But most important, Microsoft's new Windows Insider program — in which just about anyone can use Windows 10 early and is encouraged to give feedback — is letting actual work-a-day Windows users have a say. Microsoft has learned from Windows 8 and Xbox One that legions of loud, shouty users need to get their way. And by bringing them into the fold from the start instead of pissing them off and flopping around, Microsoft is making their collective cries a strength, instead of a weakness.
Microsoft is Becoming So Much More Than Just Windows
But Microsoft's big turn has been so much more than abandoning sinking side-projects. The ever more cloud-focused giant has leapt to make itself a force outside of Windows and Windows Phone and Xbox with a series of smart acquisitions.
It started with Mojang—the Minecraft juggernaut—in which Microsoft snapped up a fiercely devoted and tech-savvy world of youngsters that it never could have cultivated on its own. It's a super valuable asset (so long as it doesn't blow it all up with an Xbox-exclusive Minecraft 2 or something). And though Minecraft runs on PlayStations and Macs and Linux boxes alike, this new Microsoft is way smarter than to shut that down.
In fact, it's smart enough to be branching out elsewhere as well. Microsoft is routinely putting out launchers for Android and some of the most awesome completely cross-platform apps you can find. Outlook is arguably the best app for Gmail on iPhone. Just think about that for a second.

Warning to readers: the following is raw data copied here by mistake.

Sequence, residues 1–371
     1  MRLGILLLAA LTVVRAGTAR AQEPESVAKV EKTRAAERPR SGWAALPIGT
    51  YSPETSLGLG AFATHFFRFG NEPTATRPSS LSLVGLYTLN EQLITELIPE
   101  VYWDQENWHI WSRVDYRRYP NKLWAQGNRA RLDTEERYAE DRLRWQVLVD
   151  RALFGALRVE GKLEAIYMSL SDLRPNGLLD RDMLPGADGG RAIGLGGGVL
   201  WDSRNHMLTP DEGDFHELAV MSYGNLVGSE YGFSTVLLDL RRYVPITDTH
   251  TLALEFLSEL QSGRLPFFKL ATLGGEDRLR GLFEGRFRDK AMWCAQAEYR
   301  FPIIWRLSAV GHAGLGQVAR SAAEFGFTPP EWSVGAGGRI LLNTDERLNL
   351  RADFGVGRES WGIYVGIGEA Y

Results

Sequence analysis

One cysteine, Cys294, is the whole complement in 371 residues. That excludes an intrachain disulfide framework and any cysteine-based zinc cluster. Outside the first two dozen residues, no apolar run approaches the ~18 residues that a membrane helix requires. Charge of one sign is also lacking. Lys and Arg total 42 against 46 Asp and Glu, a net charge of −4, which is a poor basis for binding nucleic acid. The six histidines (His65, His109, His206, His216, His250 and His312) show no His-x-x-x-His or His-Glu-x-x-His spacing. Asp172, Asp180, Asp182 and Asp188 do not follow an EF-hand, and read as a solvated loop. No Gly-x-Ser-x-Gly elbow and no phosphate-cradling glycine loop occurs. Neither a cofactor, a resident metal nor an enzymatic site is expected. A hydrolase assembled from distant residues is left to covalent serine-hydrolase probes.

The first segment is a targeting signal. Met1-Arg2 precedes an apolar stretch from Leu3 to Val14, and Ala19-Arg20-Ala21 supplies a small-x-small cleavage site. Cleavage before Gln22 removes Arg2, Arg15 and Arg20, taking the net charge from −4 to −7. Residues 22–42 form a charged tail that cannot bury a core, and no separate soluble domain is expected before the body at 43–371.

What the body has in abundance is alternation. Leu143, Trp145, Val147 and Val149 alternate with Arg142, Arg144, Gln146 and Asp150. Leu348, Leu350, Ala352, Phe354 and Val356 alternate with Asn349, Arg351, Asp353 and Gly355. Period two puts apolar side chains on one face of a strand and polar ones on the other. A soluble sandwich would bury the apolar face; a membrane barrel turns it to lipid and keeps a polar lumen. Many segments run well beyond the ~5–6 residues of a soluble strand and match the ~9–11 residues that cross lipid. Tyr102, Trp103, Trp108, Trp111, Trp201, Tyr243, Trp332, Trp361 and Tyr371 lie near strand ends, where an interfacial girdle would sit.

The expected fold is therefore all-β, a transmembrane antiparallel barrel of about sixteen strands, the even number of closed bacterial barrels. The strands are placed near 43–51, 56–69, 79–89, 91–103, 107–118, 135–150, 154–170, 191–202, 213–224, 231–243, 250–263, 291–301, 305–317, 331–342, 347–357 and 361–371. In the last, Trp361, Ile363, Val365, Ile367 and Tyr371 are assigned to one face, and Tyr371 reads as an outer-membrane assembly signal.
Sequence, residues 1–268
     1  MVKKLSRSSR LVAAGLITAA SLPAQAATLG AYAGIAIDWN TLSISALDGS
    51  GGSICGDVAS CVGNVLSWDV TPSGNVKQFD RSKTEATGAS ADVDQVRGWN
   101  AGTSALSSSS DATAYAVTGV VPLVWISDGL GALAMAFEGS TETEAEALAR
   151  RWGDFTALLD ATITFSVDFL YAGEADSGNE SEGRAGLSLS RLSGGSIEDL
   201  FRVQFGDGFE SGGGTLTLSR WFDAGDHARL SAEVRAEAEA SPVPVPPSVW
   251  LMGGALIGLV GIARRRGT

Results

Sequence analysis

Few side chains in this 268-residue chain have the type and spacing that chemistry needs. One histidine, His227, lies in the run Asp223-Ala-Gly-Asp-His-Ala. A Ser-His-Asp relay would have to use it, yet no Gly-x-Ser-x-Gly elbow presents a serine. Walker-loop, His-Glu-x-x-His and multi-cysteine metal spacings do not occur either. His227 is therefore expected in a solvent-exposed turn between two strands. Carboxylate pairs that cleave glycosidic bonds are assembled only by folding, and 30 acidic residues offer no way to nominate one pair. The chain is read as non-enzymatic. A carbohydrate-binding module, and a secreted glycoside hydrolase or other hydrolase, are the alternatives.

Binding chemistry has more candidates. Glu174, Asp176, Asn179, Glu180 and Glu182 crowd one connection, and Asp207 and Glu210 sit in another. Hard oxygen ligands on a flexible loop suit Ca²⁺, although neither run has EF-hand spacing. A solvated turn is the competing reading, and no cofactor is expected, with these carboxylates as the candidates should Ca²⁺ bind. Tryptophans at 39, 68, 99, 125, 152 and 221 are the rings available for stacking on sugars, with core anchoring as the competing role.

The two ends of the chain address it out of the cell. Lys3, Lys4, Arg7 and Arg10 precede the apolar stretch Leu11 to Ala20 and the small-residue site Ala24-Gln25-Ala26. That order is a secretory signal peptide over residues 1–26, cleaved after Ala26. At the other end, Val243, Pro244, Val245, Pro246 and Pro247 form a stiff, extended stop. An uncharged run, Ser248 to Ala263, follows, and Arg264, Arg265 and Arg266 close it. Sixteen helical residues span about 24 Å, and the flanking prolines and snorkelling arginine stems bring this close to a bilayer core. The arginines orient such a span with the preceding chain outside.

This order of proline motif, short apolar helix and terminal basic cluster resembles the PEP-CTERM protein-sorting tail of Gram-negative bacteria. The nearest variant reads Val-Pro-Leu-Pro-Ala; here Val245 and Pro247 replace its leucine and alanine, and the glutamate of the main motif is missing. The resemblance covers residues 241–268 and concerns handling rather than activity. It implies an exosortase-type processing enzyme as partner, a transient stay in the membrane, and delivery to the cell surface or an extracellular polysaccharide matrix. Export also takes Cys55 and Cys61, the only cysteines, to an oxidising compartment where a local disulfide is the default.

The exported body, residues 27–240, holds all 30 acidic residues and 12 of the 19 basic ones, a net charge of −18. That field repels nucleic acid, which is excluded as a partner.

If you've ever watched a livestream of a Microsoft event (nerd), you know Satya Nadella's "Mobile-first, cloud-first" mantra. In real talk, that means Microsoft wants to be making the best apps and services on the devices you're already using. And when they can't do it themselves, they'll buy the people who can. Microsoft bought the fantastic mail app Accompli in December, and the fantastic results showed up in January. A week ago it bought the fantastic calendar app Sunrise. You can probably see where this is going.
Old Accompli and new Outlook side by side.
The ultimate end-game? Who knows, but it's a damn sight better for all of us than if Microsoft was aiming the brunt of its phone firepower at Windows Phone or something, and the full force of its services catering to Microsoft-only fanboys. We all get better services and the benefits of more competition. Rumour has it that the new Galaxy S6 might come with (terrific) Microsoft services instead of (horrible) Samsung bloat. Maybe, just maybe, Cortana and Google Now wound up as competing choices on the same phone. At this rate, it's possible. And it would be great for everyone if it happened.
And that's to say nothing of the further off future. Microsoft just dumped a ton of money into CyanogenMod, the most well-known fork of Google's Android. Is there a Microsoft version of Android in the cards? It's way too early to tell, but it looks—it feels—like there could be. That would be weird! Nuts! But it would be exciting.
Of course, we're not quite there yet: Windows 10 proper is still months from release, and the culmination of Microsoft's cross-platform push is far from realised. It was easy to be excited about Windows 8 and the Surface. That was new and strange and exciting in plenty of the same ways. But it was a hulking, overconfident misstep. One Microsoft, after more than a few faceplants, seems to have learned from.
With a realistic vision of what it can do — and more importantly what it can't do — Microsoft is poised to shake up a world where competitors are moving slower and turning further inward. Not by taking over the world by force or by trying to lock you into Windows, but by making the best thing for whatever you want to do on whatever device you have.
I can't wait to see what else Microsoft has up its sleeves.